LP Models • Know how to recognize an LP in verbose or matrix form; standard or otherwise; max or min • Know how to set up an LP • Understand how to make various conversions between different types of LPs (max/min; <, >, =; >, free; |abs. value|; etc.)
LP Modeling • Modeling Process • Understand the problem • Collect information and data • Identify and define the decision variables • formulate the objective function • Isolate and formulate the constraints
World Cup Portfolio Management • Portfolio Management for World Cup Assets • Five securities in a market for open trading at fixed prices and pay-offs, share limit on investment and short is not allowed • We’d like to decide how many shares to purchase to maximize the pay-off when the game is realized.
The Geometry of LPs • Understand the geometrical interpretation of LPs and associated intuition • Plot a feasible region in 2D • Plot the optimal iso-profit lines • Relate how the Simplex Method moves from corner point to adjacent corner point in improving direction • Understand the geographical interpretation of the various LP terms – (e.g. active constraints, basic variables, multiple optima, infeasibility, unbounded-ness,, etc.)
Theory of Linear Programming An LP problem falls in one of three cases: • Problem is infeasible: Feasible region is empty. • Problem is unbounded: Feasible region is unbounded towards the optimizing direction. • Problem is feasible and bounded: then there exists an optimal point; an optimal point is on the boundary of the feasible region; and there is always at least one optimal corner point (if the feasible region has a corner point). When the problem is feasible and bounded, • There may be a unique optimal point or multiple optima (alternative optima). • If a corner point is not “worse” than all its neighbor corners, then it is optimal.
Algebraic Interpretation of LPs • Understand why we emphasize basic solutions and basic feasible solutions (corner points). • Understand the equivalent (canonical) form of the LP and where it came from • Understand what the different elements of this form mean: reduced cost coefficient, shadow prices, reduced constraint matrix, RHS • Know when to terminate • Know its relation with dual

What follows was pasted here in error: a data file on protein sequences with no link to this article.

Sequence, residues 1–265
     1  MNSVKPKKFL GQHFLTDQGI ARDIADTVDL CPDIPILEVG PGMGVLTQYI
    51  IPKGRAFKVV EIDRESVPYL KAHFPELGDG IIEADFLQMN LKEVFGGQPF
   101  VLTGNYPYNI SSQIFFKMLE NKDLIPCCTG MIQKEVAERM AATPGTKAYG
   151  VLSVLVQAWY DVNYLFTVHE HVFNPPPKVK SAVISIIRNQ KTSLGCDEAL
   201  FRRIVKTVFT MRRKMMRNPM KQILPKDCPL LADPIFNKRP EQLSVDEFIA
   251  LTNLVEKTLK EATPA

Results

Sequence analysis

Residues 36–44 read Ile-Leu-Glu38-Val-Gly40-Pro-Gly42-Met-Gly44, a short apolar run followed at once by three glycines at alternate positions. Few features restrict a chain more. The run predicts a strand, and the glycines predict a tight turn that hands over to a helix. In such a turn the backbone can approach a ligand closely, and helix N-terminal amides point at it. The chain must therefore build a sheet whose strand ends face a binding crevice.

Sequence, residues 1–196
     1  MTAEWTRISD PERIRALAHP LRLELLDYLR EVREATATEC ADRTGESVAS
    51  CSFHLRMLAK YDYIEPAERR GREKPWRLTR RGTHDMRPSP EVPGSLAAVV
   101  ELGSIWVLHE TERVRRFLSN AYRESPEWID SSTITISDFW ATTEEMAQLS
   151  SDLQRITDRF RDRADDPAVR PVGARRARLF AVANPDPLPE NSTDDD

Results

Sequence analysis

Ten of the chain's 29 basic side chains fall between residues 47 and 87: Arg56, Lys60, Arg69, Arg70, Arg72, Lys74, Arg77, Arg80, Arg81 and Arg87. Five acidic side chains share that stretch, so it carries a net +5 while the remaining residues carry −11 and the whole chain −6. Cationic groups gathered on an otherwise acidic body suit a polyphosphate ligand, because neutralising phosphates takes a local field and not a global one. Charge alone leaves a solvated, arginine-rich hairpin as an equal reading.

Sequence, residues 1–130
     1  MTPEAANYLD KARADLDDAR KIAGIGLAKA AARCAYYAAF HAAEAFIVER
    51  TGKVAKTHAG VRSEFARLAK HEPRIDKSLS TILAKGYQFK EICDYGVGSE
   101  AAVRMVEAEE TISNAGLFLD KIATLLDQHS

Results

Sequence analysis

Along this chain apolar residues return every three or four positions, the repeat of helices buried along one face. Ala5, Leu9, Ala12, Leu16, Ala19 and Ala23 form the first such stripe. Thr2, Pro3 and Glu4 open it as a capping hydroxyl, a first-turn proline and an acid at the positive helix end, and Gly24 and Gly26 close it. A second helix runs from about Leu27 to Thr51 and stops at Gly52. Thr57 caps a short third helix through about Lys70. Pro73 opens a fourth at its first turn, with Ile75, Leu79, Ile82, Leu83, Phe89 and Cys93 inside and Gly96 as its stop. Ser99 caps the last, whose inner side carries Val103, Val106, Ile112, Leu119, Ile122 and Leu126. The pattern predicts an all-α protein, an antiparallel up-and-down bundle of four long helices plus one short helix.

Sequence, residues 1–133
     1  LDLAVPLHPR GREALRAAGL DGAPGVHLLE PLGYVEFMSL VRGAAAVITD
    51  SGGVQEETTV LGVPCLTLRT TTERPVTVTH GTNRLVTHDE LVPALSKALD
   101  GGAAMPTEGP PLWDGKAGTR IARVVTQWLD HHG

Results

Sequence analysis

The Canonical Form of the LP • Recall the canonical form of the LP: all reduced cost coefficients for basic variables are zero, and reduced constraint matrix for basic variable form an identity matrix • Why do we represent the problem this way? • By looking at the objective function in terms of the non-basic variables only we can get insight into whether or not changing any of them might improve the objective function • By looking at the constraints in this way, we can see • on the RHS what values of the basic variables yield the feasible solution, and • in the constraint coefficients, how changing any non-basic variables will necessitate that we must change basic variables in response
Initial Tableau: x slack RHS Basis - c 0 0 A I b (>0) • Intermediate Tableau: Basis - c +y*A y* cBB-1b B-1A B-1 B-1b (0) Where y*= cBB-1, the dual solution to the production problem, B is the current basis selected from [ A I ] The Production Problem in Canonical Form
Sensitivity Analysis • Recall AGAIN the Simplex tableau and the canonical form and what it all means relative to sensitivity • Changing the cost vector and RHS • Know how far each element can be changed before we change to optimal basis • How do we find the effects on the optimal value and optimal solution while the basis remains optimal? • Don’t just memorize formulas! • Understand where they come from and why they work • Understand the importance of reduced costs and shadow prices for sensitivity
Reduced Cost and Objective Coefficient Range • All basic variables have zero reduced cost • In general, the reduced cost of any non-basic variable is the amount the objective coefficient of that variable would have to change, with all other data held fixed, in order for it to have a positive value in the optimum. • The objective coefficient ranges give the ranges of the objective function over which no change in the OS will occur. • One of the “allowable increase and decrease” for a non-basic variable is infinite and the other is the reduced cost. If a non-basic variable has zero reduced cost, then there exist alternative optimums.